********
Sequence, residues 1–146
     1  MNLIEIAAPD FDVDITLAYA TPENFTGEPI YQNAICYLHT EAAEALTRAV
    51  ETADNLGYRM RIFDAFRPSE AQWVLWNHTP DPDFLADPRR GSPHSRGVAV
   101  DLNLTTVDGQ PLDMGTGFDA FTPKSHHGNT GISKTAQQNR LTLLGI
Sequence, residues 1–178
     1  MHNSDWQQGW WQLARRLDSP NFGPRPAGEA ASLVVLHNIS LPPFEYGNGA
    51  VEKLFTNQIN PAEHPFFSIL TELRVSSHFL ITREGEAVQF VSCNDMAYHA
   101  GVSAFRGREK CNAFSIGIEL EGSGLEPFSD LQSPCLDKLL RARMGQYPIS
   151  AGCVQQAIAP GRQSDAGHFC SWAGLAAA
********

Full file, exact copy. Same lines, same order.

Sequence, residues 1–146
     1  MNLIEIAAPD FDVDITLAYA TPENFTGEPI YQNAICYLHT EAAEALTRAV
    51  ETADNLGYRM RIFDAFRPSE AQWVLWNHTP DPDFLADPRR GSPHSRGVAV
   101  DLNLTTVDGQ PLDMGTGFDA FTPKSHHGNT GISKTAQQNR LTLLGI
Sequence, residues 1–178
     1  MHNSDWQQGW WQLARRLDSP NFGPRPAGEA ASLVVLHNIS LPPFEYGNGA
    51  VEKLFTNQIN PAEHPFFSIL TELRVSSHFL ITREGEAVQF VSCNDMAYHA
   101  GVSAFRGREK CNAFSIGIEL EGSGLEPFSD LQSPCLDKLL RARMGQYPIS
   151  AGCVQQAIAP GRQSDAGHFC SWAGLAAA